The power of coercion involves using punishment to have people on your team agree with you. But don't confuse this with legitimate power when used by those who hold positions of authority. Just because a person is a leader or a manager doesn't mean all the power they leverage is legitimate. Likewise, don’t assume that all power leveraged by leaders is coercion. It’s often not that cut and dry.
However, you do need some form of legitimate power to be able to use coercion. Otherwise, you won’t have the authority to exert the punishment you threatened.
For example, if you threaten to remove an employee from a lucrative project if they do not comply with your demands, that is coercion in action.
Not being allowed to work on a lucrative project would punish the employee, but you would only be able to make this change if you have the legitimate authority to do so.
Power of reward
The power of reward is the opposite of coercion. It involves using a reward to convince others to accomplish something.
According to a study, the power of reward doesn’t just promote better functioning employees. It also leads to better outcomes for the company.
Unlike coercion, you don’t necessarily need legitimate power to reward others. It all depends on the type of reward you want to offer.
For example, if you offer a company trip if your team exceeds their KPIs, you'd need the authority to budget a trip like this.
But if you decided to use your own money to purchase prizes for good performance, you don't need a position of authority.
Referent power comes from someone who wants your approval and who will therefore act according to your wishes. When someone wants your approval, you have power over them, even if you don’t have authority.
For example, if an employee sees you, their manager, as their hero, you would have a source of power over them because they would seek to impress you.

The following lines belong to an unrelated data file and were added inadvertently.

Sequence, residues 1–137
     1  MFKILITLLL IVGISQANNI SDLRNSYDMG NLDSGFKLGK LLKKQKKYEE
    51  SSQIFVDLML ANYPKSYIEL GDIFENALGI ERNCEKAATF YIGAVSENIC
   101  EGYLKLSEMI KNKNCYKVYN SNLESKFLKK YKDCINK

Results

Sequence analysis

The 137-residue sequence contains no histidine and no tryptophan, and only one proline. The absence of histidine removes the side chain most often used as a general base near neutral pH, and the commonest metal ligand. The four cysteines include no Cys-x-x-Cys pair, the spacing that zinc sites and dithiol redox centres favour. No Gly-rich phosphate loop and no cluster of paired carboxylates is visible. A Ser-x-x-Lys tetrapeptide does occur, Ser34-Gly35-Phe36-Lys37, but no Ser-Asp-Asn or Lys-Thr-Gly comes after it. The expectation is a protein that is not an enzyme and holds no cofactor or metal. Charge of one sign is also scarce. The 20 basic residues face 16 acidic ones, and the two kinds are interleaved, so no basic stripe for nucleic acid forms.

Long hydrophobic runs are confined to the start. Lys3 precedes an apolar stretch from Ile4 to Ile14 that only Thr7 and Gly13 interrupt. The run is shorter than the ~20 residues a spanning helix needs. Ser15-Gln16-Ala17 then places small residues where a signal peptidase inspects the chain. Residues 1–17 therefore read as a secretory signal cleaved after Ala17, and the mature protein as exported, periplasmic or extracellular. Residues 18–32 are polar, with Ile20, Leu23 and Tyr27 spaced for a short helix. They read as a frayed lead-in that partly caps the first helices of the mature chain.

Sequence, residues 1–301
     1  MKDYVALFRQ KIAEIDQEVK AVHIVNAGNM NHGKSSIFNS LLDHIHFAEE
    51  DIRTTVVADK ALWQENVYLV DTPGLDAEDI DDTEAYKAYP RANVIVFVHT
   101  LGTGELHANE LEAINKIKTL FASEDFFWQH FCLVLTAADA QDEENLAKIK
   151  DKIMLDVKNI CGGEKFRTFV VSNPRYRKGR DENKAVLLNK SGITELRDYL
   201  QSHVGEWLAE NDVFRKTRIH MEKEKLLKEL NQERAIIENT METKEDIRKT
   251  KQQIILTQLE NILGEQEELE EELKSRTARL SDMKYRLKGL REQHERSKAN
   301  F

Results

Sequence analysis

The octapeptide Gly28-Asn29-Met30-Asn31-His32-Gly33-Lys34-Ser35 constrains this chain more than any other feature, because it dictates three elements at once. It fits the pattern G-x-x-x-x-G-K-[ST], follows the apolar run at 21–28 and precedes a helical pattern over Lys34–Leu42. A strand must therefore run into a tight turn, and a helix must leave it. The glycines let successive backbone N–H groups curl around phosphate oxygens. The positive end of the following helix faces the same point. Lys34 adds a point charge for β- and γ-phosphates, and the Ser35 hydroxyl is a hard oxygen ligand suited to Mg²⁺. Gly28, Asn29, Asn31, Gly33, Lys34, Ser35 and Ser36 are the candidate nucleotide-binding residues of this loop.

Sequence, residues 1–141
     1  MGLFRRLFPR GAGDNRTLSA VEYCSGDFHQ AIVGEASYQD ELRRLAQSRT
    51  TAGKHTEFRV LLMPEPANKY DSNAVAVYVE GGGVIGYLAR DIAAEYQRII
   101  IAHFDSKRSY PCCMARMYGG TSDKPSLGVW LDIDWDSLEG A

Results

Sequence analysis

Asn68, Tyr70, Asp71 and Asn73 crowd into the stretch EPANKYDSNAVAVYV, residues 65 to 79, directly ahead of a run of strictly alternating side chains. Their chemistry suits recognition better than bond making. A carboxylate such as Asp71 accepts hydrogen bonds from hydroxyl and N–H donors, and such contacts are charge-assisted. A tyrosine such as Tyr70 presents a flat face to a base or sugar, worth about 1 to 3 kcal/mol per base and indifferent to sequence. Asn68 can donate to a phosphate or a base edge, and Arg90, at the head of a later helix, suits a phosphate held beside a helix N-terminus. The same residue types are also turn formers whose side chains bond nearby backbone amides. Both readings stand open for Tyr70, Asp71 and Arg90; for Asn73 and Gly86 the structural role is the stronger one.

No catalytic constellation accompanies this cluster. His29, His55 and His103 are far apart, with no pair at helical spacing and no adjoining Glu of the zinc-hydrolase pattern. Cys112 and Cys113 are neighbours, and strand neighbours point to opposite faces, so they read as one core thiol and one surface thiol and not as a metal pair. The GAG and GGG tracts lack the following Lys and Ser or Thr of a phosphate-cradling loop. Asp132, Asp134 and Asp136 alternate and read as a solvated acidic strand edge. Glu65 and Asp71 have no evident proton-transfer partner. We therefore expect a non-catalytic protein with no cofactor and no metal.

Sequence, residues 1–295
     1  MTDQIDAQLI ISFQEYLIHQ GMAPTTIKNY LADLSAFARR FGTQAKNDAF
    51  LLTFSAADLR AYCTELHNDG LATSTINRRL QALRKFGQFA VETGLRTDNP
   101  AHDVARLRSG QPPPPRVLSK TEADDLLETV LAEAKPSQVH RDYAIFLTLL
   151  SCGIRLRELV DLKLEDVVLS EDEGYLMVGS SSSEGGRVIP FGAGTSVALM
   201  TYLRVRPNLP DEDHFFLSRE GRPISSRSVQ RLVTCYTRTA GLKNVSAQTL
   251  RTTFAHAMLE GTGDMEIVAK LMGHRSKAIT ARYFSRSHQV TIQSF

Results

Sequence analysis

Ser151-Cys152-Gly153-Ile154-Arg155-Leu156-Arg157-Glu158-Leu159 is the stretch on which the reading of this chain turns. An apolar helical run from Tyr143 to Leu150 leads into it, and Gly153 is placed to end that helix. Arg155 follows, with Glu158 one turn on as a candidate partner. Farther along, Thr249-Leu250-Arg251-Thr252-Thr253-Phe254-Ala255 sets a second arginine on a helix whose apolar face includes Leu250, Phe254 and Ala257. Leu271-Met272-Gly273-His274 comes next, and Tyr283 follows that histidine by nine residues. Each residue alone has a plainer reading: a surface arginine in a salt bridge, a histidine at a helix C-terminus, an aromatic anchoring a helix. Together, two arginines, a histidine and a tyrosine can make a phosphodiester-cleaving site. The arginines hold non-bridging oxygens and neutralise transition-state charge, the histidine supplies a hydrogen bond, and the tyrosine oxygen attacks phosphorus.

Even if you hold the same position and authority as them, this person could still see you as their hero and seek your approval. This is especially if you're more experienced than them.
Expert power is when you're seen as an expert in your field. Thus, you hold a source of power that earns you respect from others.
Your track record and expertise give you the power and credibility to make decisions and enforce them.
For example, if you have 25 years of experience in your field, you likely hold power over a junior who is still learning about the job.
Methods of influence
Now that you know the different forms of power, let’s look at the four best tactics of influence to use to lead the people around you.
The art of rational persuasion allows you to use rational, logical arguments to explain your point of view.
Instead of telling someone to do something because you’re in charge and you said so, you can persuade them that this is the best course of action to take.
As an influence technique, you can provide support to your subordinates, so they have more reason to commit to a task.
When you collaborate with your team, they see a committed leader which ultimately gives them more reason to commit on their own.
Model the behavior you'd like to see from your team and explain how the outcome you want is linked to what the members of your team value.
Instead of telling your team to act a certain way, start acting this way yourself. Remind them that this behavior can help you all achieve a common goal.
You can help members of your team become more motivated and committed to a common issue or task by asking for input or advice from them.